Tomatoes can be finicky. They like even levels of soil moisture, a specific set of temperatures for blooms to set and fruit to ripen, and seem to attract a number of fungal diseases.
One way to help tomatoes overcome our environmental extremes so they can thrive is to mulch them. Soils are well beyond warm enough now that it’s time to consider mulching to prevent excessive evaporation. Along the way, mulch helps with weed suppression and crusting that can restrict air movement into and out of the soil and slow the water infiltration rate.
Not all mulches are created equal. Hay and straw mulches work well — so long as they don’t contain weed or volunteer grain seeds that can lead to trouble later. Grass clippings are readily abundant, but they should be dry and applied to a depth of only two to three inches. Wet clippings mold and can become hard enough that water can’t pass through them. Know the history of clippings as well. If the lawn has been treated with a weed killer, make sure ample time has passed since treatment.
According to KSU Horticulture Specialist Ward Upham, with most types of weed killers, clippings from the fourth mowing after treatment may be used. If the lawn was treated with a product containing quinclorac (Drive), the clippings should not be used as mulch. If the weed killer used has a crabgrass killer, it likely contains quinclorac.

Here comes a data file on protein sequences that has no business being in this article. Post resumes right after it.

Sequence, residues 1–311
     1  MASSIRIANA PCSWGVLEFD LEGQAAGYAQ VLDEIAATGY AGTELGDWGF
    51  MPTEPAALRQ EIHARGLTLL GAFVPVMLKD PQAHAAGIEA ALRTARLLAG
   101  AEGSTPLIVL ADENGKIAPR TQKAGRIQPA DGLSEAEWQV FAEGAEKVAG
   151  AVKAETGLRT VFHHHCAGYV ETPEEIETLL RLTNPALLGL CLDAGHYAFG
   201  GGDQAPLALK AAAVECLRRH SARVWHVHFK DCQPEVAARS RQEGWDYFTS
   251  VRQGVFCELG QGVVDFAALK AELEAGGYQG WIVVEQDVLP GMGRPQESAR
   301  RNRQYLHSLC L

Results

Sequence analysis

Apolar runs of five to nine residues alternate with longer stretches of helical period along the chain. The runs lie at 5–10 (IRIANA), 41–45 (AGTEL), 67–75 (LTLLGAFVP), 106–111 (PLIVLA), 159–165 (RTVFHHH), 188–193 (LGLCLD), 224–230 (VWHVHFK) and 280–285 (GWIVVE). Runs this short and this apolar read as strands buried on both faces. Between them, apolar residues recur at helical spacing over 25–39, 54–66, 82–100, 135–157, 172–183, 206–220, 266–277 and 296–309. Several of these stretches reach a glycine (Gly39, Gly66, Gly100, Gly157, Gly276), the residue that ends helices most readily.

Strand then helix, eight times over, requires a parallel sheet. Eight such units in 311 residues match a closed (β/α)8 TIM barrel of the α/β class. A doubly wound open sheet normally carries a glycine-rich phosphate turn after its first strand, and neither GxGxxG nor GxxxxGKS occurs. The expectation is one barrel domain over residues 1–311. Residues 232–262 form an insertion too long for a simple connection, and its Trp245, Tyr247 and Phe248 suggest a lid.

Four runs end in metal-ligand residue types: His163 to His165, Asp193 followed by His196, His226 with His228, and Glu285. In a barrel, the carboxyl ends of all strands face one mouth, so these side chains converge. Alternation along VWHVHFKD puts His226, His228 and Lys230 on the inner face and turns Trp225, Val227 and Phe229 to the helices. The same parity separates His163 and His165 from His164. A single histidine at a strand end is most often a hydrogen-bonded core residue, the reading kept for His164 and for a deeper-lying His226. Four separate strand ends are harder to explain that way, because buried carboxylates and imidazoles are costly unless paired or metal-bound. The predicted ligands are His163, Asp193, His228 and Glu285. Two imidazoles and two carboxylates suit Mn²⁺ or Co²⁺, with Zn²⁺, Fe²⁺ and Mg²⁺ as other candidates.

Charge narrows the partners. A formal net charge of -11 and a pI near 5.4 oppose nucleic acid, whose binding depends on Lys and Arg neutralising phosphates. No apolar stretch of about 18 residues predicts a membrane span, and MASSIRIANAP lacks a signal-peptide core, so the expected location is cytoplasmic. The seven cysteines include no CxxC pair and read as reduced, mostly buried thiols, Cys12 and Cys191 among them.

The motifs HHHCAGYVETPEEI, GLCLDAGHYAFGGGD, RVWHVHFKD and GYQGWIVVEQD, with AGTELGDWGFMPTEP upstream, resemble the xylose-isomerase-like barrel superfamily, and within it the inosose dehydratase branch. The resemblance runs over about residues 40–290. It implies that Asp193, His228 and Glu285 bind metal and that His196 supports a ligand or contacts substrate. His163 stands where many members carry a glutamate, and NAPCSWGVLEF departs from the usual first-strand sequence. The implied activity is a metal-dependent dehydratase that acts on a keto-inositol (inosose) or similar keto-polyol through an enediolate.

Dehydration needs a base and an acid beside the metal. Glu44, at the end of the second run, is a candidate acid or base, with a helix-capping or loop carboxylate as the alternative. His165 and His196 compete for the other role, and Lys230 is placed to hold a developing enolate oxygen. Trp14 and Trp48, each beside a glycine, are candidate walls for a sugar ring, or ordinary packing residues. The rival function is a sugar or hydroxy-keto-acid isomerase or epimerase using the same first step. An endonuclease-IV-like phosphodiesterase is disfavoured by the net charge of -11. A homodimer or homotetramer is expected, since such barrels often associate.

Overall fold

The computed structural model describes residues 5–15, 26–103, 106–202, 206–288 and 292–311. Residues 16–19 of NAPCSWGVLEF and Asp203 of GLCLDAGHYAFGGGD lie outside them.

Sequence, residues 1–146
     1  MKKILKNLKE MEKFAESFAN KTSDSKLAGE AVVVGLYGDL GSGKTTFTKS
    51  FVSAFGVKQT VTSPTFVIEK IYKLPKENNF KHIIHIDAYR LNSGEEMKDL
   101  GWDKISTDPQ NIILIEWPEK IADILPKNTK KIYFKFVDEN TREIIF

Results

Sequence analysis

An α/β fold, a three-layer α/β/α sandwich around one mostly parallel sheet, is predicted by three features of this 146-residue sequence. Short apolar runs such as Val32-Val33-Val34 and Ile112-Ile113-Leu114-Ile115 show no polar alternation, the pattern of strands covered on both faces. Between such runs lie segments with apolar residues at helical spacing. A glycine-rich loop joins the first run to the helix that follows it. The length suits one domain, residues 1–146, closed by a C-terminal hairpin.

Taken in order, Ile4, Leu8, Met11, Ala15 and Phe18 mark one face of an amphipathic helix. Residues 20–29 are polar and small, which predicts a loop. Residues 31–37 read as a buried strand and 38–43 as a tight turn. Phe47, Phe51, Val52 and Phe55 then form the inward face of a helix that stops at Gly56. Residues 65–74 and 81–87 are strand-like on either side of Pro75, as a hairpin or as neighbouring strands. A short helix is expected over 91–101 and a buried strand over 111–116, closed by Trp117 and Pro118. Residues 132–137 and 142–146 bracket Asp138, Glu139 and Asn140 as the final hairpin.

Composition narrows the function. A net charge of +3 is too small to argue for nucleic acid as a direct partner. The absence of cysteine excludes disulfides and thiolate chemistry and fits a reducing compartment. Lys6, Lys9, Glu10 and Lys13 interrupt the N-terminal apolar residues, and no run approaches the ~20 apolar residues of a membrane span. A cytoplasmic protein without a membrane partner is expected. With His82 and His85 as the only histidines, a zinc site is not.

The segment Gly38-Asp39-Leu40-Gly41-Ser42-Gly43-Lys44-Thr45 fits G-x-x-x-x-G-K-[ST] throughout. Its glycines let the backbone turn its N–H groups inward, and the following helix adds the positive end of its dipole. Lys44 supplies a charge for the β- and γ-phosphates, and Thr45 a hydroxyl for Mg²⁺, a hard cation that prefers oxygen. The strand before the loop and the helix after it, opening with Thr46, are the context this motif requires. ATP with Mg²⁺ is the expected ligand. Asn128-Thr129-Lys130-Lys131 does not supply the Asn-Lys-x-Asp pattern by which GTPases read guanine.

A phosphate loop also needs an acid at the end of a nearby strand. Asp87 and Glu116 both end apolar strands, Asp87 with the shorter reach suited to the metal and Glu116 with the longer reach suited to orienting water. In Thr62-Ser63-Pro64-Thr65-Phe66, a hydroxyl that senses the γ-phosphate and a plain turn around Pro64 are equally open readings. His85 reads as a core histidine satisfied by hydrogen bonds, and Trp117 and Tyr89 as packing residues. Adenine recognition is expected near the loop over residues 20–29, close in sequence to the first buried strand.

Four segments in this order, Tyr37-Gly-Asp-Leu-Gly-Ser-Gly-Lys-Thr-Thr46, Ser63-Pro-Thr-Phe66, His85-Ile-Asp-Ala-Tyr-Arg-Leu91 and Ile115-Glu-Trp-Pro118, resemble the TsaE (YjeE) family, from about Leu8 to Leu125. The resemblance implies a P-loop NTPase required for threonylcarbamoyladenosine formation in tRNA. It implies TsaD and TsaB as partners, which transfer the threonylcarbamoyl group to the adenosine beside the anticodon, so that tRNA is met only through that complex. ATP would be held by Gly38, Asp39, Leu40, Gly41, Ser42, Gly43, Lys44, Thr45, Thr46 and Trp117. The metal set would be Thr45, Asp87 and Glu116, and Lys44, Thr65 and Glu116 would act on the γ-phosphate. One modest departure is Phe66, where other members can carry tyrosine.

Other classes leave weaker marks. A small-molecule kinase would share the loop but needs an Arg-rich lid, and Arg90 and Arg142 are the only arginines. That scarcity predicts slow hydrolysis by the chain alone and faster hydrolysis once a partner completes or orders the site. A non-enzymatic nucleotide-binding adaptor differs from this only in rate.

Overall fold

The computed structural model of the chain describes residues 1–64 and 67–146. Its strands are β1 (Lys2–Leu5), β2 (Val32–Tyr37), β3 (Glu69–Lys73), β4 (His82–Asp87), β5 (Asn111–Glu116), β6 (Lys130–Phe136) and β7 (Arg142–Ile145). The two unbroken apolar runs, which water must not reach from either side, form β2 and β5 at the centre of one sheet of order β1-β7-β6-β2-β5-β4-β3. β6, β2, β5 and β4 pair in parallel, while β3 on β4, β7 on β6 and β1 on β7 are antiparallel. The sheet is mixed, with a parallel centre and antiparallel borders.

Bagworms – time to treat?
Kansas Forest Service Forester Dave Bruton noted the hatch and feeding of bagworms in northeast Kansas this week. That means it’s time to initiate scouting measures, as they can be very difficult to see when feeding first begins. The best control efforts will occur when larvae are small and coverage is thorough. Multiple treatments may be needed if hatching continues even after the first insecticide application.
For information, see K-State Research and Extension publication Bagworms, available at https://www.bookstore.ksre.ksu.edu/pubs/mf728.pdf or from your District Extension Office.